A drone launched from Iran struck a chemical tanker in the Indian Ocean early on Saturday, in what appears to be the first attack on a commercial vessel outside the Red Sea since a recent flurry in the area.
“The Liberia-flagged, Japanese-owned, and Netherlands-operated chemical tanker was struck at approximately 6am GMT in the Indian Ocean, 200 nautical miles from the coast of India, by a one-way attack drone fired from Iran,” a Pentagon spokesperson said.
The attack is the first such known attack so far away from the Red Sea since the Israel-Hamas war began.
A string of attacks have taken place in the Red Sea on commercial ships in recent weeks.
Houthi rebels in Yemen, who are backed by Iran, have been targeting Western ships sailing off the coast of Yemen with links to Israel, in response to the war between Israel and the Palestinian Islamist movement Hamas in the Gaza Strip. In response, several missiles and drones have been shot down by American and French warships patrolling the area.
Tehran denies involvement
Hossein Amirabdollahian, Iran’s foreign minister, has denied involvement in Saturday’s drone attack, saying his country doesn’t have any proxy groups in the region. He has also denied involvement in attacks against vessels in the Red Sea by the Houthis in Yemen.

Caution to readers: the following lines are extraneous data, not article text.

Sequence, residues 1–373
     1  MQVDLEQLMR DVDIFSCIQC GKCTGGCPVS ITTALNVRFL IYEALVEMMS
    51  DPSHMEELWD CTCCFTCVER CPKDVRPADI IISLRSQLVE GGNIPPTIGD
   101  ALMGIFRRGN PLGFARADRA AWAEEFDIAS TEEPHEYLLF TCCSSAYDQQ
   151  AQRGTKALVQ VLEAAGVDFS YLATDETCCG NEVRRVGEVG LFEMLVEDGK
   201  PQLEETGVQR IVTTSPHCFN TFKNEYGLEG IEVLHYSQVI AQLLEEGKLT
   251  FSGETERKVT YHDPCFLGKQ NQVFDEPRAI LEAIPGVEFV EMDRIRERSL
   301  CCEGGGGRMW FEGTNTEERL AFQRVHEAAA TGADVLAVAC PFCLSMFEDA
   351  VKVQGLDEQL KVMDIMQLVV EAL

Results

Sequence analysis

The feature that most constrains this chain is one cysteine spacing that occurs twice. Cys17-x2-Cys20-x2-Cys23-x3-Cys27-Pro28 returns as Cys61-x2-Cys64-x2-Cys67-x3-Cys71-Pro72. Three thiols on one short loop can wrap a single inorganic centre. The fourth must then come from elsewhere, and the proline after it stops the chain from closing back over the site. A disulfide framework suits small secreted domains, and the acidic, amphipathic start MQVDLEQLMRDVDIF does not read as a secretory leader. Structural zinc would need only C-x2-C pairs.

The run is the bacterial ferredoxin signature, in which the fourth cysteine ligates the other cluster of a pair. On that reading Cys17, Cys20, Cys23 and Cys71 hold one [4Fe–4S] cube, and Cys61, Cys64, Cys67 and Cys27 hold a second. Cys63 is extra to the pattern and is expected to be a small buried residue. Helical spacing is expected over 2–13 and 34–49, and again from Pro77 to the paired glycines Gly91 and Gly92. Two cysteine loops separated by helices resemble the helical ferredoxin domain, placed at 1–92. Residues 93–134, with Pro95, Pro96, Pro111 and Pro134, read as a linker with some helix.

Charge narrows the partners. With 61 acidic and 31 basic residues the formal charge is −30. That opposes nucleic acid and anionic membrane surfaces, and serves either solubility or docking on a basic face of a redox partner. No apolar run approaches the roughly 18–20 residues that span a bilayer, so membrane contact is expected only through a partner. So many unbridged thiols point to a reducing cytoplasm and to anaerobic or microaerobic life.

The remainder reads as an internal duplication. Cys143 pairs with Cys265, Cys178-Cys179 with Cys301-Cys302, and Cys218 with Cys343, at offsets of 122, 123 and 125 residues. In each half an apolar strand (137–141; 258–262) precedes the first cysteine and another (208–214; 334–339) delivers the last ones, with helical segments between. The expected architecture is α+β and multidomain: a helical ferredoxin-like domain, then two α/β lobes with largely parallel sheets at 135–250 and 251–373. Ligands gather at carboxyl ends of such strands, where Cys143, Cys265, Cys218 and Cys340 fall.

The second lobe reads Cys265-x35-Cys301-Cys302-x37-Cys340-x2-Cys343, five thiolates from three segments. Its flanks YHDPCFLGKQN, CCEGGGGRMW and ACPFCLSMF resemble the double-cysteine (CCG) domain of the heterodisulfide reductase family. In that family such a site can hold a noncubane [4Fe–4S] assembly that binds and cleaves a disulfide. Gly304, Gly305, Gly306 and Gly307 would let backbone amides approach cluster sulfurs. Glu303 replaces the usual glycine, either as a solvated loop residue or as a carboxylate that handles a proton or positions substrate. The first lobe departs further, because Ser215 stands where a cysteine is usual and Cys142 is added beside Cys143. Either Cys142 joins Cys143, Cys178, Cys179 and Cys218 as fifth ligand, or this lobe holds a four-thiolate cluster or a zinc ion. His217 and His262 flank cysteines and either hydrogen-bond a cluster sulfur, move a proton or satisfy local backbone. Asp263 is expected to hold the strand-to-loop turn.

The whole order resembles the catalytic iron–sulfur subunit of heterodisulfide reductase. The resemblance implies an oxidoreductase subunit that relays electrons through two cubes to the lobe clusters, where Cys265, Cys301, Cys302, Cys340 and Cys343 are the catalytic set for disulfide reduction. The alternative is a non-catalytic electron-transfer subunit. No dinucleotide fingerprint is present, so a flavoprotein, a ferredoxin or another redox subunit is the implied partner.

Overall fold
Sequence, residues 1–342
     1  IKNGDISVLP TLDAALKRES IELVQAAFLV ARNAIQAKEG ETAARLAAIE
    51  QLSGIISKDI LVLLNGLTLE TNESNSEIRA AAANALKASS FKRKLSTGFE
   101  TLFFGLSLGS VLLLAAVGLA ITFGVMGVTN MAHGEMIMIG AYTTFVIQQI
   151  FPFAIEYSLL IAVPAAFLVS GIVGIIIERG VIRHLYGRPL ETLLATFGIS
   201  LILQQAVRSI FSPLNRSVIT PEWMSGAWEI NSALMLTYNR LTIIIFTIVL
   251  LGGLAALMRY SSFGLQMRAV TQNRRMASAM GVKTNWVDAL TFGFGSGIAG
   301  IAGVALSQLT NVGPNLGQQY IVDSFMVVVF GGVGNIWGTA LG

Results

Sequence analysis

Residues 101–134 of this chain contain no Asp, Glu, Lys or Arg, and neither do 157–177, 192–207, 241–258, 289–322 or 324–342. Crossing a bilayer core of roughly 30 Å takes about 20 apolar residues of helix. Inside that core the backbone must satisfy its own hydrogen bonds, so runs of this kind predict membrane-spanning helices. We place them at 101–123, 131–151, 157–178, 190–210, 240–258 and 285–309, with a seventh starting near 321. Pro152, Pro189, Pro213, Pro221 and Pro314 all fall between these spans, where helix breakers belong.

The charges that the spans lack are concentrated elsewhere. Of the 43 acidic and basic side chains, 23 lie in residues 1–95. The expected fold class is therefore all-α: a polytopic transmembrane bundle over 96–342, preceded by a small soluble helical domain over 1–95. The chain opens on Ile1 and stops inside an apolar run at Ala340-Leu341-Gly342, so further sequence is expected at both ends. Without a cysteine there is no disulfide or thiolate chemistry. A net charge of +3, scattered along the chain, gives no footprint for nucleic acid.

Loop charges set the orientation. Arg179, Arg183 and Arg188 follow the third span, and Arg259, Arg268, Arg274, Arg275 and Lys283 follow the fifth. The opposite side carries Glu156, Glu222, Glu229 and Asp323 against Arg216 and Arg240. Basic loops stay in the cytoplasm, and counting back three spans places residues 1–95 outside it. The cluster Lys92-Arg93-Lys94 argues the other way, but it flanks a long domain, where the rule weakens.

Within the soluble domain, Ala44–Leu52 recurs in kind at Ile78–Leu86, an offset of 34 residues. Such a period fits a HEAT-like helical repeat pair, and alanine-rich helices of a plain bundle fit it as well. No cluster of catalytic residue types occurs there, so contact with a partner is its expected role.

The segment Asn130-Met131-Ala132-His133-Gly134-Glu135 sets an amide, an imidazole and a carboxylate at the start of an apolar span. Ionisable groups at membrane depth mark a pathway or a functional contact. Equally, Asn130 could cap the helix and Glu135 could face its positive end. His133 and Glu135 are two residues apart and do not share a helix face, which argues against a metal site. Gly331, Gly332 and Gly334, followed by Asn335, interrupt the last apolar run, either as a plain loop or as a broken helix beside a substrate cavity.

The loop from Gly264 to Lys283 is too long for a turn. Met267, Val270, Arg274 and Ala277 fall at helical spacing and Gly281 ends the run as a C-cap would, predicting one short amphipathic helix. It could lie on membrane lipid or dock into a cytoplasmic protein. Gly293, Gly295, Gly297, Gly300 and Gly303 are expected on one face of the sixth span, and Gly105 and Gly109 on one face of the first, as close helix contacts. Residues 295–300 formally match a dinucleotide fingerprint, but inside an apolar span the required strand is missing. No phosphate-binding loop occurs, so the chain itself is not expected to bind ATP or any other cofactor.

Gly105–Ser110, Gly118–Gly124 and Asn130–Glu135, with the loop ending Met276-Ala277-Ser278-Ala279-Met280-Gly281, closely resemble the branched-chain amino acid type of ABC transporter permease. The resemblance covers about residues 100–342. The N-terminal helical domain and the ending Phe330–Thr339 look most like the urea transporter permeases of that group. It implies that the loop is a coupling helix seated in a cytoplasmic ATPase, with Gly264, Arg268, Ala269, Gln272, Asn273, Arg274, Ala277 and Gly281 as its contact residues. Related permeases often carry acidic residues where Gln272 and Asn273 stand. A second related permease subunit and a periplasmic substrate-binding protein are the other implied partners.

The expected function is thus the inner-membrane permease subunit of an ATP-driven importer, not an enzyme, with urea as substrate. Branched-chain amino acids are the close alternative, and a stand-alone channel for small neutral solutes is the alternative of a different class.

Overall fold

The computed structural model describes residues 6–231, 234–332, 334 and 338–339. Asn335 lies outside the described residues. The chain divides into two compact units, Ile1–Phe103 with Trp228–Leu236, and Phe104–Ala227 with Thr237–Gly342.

“The acts done by others should not be attributed to Iran proxy groups. We don’t have any proxy groups in the region,” said Amirabdollahian.
He made the comments on Saturday following the one-day Tehran International Conference on Palestine.
Triggering delays and price hikes
The attacks on commercial ships in the Red Sea by Yemen’s Houthi rebels have rerouted a huge amount of global trade away from the area, a shift expected to trigger delays and rising prices.
Oil, natural gas, grain and everything from toys to electronics typically travel through the waterway separating Africa and the Arabian Peninsula en route to the Suez Canal, where 12% of the world’s trade passes.
The Houthis are Iranian-backed rebels who seized Yemen’s capital, Sanaa, in 2014, launching a grinding war against a Saudi-led coalition seeking to restore the government.
The Houthis have sporadically targeted ships in the region, but the attacks have increased since the start of the Israel-Hamas war.
They have used drones and anti-ship missiles to attack vessels and in one case used a helicopter to board and seize an Israeli-owned ship and its crew.
Last week, the US – along with a host of other nations – announced they would team up to protect ships under attack transiting the Red Sea.
Amirabdollahian said there was no need for a coalition to secure the waterway.
“There is no need for a coalition. They [the US] should stop supporting the criminal [Israel] and they will see a more secure region and there will be even better conditions for energy transfer in the region,” the Iranian foreign minister said at the conference in Tehran.